FringeReview UK 2017
a profoundly affectionate, passionate devotion to someone (-noun) premieres at the Royal Court Jerwood Theatre Upstairs, written and directed by debbie tucker green (she eschews capitals). Designer Merle Hensel flips audience into the centre on swivel stools, hems actors round bleak duck-green traverse edges. Lee Curran’s subdued lighting hardens on any two performing one of the three linked duologues that follow. Christopher Shutt supplies sonic full stops. Till April 1st.
Debbie tucker green (she eschews capitals) directs her new play at the Royal Court Jerwood Theatre Upstairs, flipping the audience into the centre on swivel stools, whilst designer Merle Hensel hems actors round bleak duck-green traverse edges where seats normally are; they periodically scrawl chalk lines. This exoskeletal gesture throws us into the intimacy behind words. Lee Curran’s subdued lighting hardens on any two performing one of the three linked duologues that follow. Christopher Shutt supplies sonic full stops. It’s an empty space filled with audience.
The periphrastic play, with squeaking hamsters. That latter moment suggests scutting rodents every time someone cricks their neck round on their swivel. WD40 might fix it.
Overlap speech here opens silences where you hear blood beating. Tucker green’s exploration eschews specifics, in set and words, ‘what might be/once was/could have been’. Everything dances tetchily around the word ‘love’ or a specific sexual act – there’s stages of rapture and disenchantment. The dread word ‘bored’ the woman A utters is the nearest specific. Tucker green refuses a local habitation and naming of things that anchors a play, yet leads away from her main premise: the current of what’s being said emotionally, shelled of any carapace of circumstance. Not that circumstances aren’t etched, privacy demanded to use the toilet or undress can be used as weapons; but tucker green’s gone as far as she can, paring down without losing the carrier charge.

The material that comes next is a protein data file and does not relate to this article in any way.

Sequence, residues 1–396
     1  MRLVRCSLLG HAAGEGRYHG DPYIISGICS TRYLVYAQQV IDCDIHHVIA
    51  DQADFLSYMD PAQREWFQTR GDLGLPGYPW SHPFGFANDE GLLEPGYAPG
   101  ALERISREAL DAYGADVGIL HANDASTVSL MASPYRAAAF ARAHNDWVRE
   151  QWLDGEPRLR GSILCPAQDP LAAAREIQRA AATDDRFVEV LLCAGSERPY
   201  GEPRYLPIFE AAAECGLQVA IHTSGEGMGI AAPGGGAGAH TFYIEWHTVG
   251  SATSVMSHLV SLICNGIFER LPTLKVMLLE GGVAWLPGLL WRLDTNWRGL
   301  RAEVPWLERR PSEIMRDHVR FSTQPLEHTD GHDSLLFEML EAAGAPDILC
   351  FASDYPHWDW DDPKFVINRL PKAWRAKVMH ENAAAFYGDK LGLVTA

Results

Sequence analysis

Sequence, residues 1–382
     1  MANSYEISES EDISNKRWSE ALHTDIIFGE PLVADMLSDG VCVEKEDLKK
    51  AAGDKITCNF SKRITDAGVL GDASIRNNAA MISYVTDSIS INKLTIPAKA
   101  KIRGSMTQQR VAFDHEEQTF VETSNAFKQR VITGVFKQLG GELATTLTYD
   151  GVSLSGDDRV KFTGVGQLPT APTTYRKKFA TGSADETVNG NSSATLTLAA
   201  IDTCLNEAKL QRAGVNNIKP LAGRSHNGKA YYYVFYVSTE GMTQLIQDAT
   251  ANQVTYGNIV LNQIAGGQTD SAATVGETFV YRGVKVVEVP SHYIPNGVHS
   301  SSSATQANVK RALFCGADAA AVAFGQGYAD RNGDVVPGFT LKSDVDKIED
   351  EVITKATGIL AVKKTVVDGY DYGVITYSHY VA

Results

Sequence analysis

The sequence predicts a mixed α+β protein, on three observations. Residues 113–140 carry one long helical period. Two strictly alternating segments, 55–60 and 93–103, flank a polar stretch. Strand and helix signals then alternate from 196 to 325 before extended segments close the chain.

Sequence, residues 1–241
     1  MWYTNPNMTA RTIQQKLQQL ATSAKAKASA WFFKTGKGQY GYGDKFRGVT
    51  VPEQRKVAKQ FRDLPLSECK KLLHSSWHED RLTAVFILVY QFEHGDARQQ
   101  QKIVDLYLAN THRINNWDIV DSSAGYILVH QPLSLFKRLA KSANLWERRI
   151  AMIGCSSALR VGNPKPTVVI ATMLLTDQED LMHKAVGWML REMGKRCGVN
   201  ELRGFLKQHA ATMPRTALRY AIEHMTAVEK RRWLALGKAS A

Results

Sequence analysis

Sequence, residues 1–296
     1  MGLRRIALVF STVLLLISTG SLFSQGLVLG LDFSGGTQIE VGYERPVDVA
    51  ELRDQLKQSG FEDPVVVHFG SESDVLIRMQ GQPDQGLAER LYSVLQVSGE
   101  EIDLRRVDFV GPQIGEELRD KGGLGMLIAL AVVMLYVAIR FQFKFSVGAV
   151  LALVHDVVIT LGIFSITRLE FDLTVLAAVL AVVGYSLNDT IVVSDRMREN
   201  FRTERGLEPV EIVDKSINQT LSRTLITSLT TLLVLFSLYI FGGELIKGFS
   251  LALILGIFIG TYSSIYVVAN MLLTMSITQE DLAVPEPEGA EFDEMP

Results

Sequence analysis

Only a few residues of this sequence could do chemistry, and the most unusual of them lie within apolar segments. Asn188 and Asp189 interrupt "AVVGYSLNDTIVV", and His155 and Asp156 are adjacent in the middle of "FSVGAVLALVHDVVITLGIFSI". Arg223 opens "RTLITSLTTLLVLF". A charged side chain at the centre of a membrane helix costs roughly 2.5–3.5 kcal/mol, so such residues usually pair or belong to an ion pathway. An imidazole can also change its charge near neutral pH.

Over half of the play’s length concerns a chronological jiggle of A and B, a couple zig-zagging their narrative with intimate confrontations; soft accusations, hard endearments. Lashana Lynch shines with an expressive shrug, an eye-roll, laconic dismissal flipped to hunched intensity. Gershwyne Eustache Jnr lobs back a power hand that crumples, can fine down a lumbering presence to bafflement and keening. Their chemistry seals the play’s transmission.
Two children and a sudden event post-dating an emotional scrunch stretches their inability to listen at key moments. It’s traditionally a male affliction where B the man’s accusation: ‘It’s not always all about you’ is riposted in mini-pauses: ‘Well. It usually is. Isn’t it.’ A allows assumptions by not communicating a dislike till it’s used as ammunition. B’s ‘You never said you didn’t like/it’ elicits A’s ‘I tolerated it and then just blocked it.. turned up the TV and faked a phone call…’ Familiar? It’s echoed in the third duologue but tucker green’s superb at the build and pause of phrases, litanic and the more rhythmic the more emotional it gets. B’s ‘I know-she’s-not-you- I know-she’s-not-you I still want… I know she’s not you… I cry most nights(I) cry every/night…’ preludes a revelation. Tucker green’s elided the next scene and some related material near the end: more specific, it might seem a distraction, however revealing.
A need for scherzo brings the lightened, still bitter exchange between Meera Syal’s Woman and Gary Beadle’s would-be-articulate Man to a welcome point. Literally when Beadle taunts ‘you want a version of you with a dick’ and Syal’s feline ‘something with a dick would be nice’ explodes uneasy hilarity and then a shock to Beadle’s cruel riposte. Yet the infinitely fragile reaching-out after the sudden revelations of the Man’s nursing echoes intensities earlier.
If the final section has the same Man some time later explaining away his visits back to his ex, to his much younger partner, daughter of A and B, Shvorne Marks’ Young Woman enjoys a fleetness offsetting Beadle’s avuncular lusts, and his gradation from wanting to change nothing (key phrase) speed-reads the way criticism and control ‘my last nerve’ are buffeted by silent resistance. Marks can use her family’s disapproval as foil to his visits. If Beadle’s character is relatively consistent, his assertive shift is nicely calibrated against a greater anxiety. There’s a shuddery touch when Marks’ states she’d prefer a grave to cremation: ’I’d come and tend it-‘ Beadle helps her; her ‘I’d be tending yours’ tells us all her power.
Squeaky seats aside, the eighty minutes absorb and assault us. Everything tucker green presents is nothing less, especially with this cast. It’s possible to imagine this as a Howard Barker-like blackout, or (as has ben suggested) on the radio; but periodic shifting of other actors not directly involved in each duologue shifts as they move around like chance DNA, underlines possibilities taken and usually, not.